More later. But in the wake of the targeted actions against UCLA’s Edie London and other harrassment of California research university researchers by animal rights terrorists, we in the US may be reaching the situation experienced in the UK where conducting life-saving biomedical research for the greater good is itself life-threatening.
As these attacks appear to be increasing in frequency, it will be interesting to learn how the 2006-amended Animal Enterprise Terrorism Act will be applied in prosecuting these cases.
Addendum #1: Michael Stebbins, Director of Research at the DC-based Foundation for Biomedical Research, has just sent out a missive that includes these three links to activist sites:
http://www.indybay.org/newsitems/2008/02/25/18481563.php (activist site)
http://www.indybay.org/newsitems/2008/02/24/18481449.php (activist site)
http://www.indybay.org/newsitems/2008/02/25/18481511.php (activist site)
AMP CONDEMNS ATTACK ON UCSC SCIENTIST’S FAMILY AND HOME
Contact: Jacquie Calnan, Americans for Medical Progress E-mail
703 836 9595 x100
February 26, 2008, Alexandria, VA – Americans for Medical Progress (AMP) is greatly concerned by news that police believe animal rights militants are responsible for Sunday’s home invasion and attack on a member of a University of California Santa Cruz researcher’s family. (News coverage may be found in the Santa Cruz Sentinel at http://www.santacruzsentinel.com/localnews/ci_8360836.)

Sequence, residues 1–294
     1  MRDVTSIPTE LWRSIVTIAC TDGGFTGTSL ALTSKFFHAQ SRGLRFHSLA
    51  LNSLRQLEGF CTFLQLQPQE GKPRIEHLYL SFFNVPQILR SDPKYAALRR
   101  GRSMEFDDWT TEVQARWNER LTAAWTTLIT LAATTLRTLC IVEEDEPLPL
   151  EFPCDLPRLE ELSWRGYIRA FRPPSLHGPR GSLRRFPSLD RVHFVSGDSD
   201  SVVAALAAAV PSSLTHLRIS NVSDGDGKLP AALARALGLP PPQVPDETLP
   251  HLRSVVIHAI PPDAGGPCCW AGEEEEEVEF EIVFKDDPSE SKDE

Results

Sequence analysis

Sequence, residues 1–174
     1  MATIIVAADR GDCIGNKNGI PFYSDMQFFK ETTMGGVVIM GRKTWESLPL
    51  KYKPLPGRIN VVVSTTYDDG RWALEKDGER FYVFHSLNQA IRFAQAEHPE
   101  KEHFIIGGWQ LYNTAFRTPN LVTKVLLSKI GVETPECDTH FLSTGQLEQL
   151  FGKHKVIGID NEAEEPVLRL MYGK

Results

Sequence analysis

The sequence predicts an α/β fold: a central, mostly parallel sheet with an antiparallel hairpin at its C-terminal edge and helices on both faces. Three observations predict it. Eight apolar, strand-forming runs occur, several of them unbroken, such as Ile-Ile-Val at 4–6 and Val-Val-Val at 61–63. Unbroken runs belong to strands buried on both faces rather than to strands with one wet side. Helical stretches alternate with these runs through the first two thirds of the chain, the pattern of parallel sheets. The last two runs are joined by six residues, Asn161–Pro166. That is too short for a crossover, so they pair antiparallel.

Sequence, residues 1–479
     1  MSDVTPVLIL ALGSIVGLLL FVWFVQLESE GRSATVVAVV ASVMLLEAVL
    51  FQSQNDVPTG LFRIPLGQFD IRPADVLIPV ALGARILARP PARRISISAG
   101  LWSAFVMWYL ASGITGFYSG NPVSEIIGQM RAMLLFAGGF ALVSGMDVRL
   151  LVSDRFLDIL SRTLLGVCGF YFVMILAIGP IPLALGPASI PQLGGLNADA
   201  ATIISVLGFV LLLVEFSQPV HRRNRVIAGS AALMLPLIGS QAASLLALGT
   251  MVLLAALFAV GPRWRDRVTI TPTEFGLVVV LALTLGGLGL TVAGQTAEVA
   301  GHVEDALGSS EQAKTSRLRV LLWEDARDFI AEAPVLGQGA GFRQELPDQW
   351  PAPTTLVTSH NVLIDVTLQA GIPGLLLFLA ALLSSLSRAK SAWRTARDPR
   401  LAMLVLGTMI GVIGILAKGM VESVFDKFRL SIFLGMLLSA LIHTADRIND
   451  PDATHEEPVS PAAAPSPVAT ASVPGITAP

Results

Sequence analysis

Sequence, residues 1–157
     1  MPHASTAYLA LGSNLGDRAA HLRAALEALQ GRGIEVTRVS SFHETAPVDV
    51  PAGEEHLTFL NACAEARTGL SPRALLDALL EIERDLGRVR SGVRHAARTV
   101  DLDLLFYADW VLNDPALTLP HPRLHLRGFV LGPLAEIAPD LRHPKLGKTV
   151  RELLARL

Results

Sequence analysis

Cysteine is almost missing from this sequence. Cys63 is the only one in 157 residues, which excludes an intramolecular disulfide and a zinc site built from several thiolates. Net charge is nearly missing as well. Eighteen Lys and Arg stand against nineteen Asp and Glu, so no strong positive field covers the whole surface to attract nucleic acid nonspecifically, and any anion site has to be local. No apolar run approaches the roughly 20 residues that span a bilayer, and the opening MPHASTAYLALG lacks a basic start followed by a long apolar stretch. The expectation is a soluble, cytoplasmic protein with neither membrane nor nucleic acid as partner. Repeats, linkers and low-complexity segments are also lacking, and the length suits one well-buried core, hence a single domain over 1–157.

Following is a statement by AMP’s president, Jacquie Calnan:
“If members of the violent fringe of the animal rights movement are indeed behind the attack, it represents a serious and criminal escalation of the tactics they use to harass and threaten scientists across America.
“Biomedical researchers, and their loved ones, are targeted simply because of the work they do. This is terrorism, and it must be stopped.
“There is an ominous upward spiral of violence against researchers. Threats and crimes by animal rights militants have been horrific realities for two generations of scientists, from the earliest of laboratory break-ins and animal thefts in the 1980s, to booby-trapped letters in the 1990s, to recent firebombings and night-time protests at scientists’ homes. With the attacks increasing in intensity, it may be only a matter of time before someone is seriously injured or killed.
“The humane use of laboratory animals is crucial to biomedical research that leads to new drugs, therapies and cures. Thus, animal rights campaigns against scientists who work with animals also endanger the health of us all.
“The UCSC community is not alone in condemning Sunday’s heinous attack. Standing in unity with UCSC are patients who await new medical treatments and cures, scientists around the world, and each and every one of us who find the tactics and justifications of the criminal element of the animal rights movement reprehensible and against every precept of civil society.”
Americans for Medical Progress is a national non-profit organization that analyzes and counters animal rights campaigns against biomedical research. It is supported by universities, medical schools, private research institutions, health advocacy groups and individuals who seek continued advances in medicine. See www.amprogress.org.